Friday, September 30, 2005

The Coming Storm

In my opinion, there is a significant absence of dignity in "aboriginal" politics these days. Despite the pride with which many of our politicians and bureaucrats (I’m one of the latter by the way) carry themselves there is no longer any dignity in their actions. This omission while not openly discussed is evident everywhere. For the most part, our people are detached and uninvolved in the “politics” of our communities. Our leaders accuse the majority of apathy, and the vocal minorities of negativism. The desolate and seemingly hopeless lives of many of our community members, despite a few success stories, is further evidence of a lack of genuine, dignified leadership.

The Chief Commissioner of the BC Treaty Commission (former judge Stephen Point) recently said, “we have come a long way since 1969.” As much as I like Stephen personally, I must vehemently disagree. After this statement he went on to state a variety of criteria proving our Aboriginal ascendancy – education, training, careers and such. These are all indicators of success in the mainstream society. All they prove is how assimilated we have become. In almost every major indicator of Indigenous success; language, culture, way of life, things have gotten worse and unless we do something drastic now, we are well on our way to oblivion.

Why should community members be excited about surrendering (willingly this time) 95% of their lands? Why should we agree to final primacy of neo-colonial laws? Why should we agree to indemnify the imperialists for their lies and deceit and treachery for a few million dollars and tax bills? Many of us have watched our way of lives – fishing, hunting, trapping – disappear and be replaced with tourists, whale watching and oil rigs. How the hell are we supposed to get excited about that?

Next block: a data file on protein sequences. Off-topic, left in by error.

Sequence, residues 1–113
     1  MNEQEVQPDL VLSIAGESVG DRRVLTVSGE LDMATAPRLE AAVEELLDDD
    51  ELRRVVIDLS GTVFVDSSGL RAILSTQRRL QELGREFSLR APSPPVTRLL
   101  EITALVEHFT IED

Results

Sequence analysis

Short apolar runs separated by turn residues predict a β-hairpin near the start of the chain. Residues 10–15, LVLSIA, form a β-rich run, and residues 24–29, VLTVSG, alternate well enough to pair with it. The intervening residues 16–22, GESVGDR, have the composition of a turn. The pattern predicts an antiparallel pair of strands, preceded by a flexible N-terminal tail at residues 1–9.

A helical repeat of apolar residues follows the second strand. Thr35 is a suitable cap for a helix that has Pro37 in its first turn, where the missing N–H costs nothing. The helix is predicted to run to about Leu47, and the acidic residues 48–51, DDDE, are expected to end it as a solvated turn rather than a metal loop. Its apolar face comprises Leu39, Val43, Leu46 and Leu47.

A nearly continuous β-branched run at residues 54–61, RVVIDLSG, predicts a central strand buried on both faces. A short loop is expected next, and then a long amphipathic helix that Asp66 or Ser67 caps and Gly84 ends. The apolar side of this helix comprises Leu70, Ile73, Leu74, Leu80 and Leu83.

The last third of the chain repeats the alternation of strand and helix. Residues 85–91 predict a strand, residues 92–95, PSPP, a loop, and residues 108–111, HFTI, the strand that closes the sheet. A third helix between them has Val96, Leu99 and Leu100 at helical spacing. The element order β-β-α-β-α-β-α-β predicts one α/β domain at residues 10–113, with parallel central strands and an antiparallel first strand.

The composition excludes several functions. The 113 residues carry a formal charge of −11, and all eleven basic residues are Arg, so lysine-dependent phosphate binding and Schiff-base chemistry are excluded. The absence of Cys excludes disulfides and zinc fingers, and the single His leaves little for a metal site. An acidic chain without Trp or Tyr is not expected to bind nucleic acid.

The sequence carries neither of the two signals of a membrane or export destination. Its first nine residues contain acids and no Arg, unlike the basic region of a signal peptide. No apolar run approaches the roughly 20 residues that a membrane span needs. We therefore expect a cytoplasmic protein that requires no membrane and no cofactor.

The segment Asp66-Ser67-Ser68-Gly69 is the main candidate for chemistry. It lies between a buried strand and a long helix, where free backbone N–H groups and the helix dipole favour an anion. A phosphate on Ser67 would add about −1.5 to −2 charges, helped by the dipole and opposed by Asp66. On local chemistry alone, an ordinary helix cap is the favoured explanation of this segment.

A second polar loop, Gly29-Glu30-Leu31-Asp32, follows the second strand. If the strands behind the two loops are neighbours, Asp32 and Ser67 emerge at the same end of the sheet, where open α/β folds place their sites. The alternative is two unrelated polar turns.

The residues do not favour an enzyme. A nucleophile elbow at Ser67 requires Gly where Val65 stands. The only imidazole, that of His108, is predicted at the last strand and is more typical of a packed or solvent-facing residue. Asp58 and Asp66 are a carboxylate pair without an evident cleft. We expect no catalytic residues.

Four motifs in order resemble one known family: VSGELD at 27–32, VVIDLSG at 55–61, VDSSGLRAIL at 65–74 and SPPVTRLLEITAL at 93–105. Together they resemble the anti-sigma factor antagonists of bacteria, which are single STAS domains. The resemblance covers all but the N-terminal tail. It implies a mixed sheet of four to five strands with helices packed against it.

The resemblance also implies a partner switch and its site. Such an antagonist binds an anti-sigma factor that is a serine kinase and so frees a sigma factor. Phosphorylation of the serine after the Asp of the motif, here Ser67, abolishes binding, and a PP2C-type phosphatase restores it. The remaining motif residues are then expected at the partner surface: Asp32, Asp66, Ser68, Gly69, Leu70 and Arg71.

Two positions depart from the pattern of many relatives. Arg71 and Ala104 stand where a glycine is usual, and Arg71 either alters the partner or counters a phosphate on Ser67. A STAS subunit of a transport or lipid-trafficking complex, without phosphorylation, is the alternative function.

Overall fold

The last time the Indigenous people of this country collectively felt excitement, hope and dignity on a grand scale was in 1990. Many who were not raised strongly Indigenous, in fact many who lived as “undercover brothers” suddenly stuck their heads up, puffed their chests out because of the actions of their Mohawk brothers and sisters. People were moved. Many became born-again Indians. Since then other conflicts, perhaps to a lesser extent, have had similar effects, and our leadership have become increasingly co-opted.

We felt proud because someone was willing to fight, to take a stand. We felt proud because finally, someone (who looked like us) had had enough. Negotiation (especially from profound positions of weakness) does not inspire. Paying non-Indigenous lawyers copious amounts of money to argue facts we already know does not inspire. Mimicking mainstream society in our band politics does not inspire. Action inspires. Standing up and saying enough is enough inspires.

A storm is coming. Treaty commissioners, Indian Act Chiefs, negotiators, consultants, lawyers, and brown bureaucracies be damned, a storm of Indigenous dignity, hope and action is coming.


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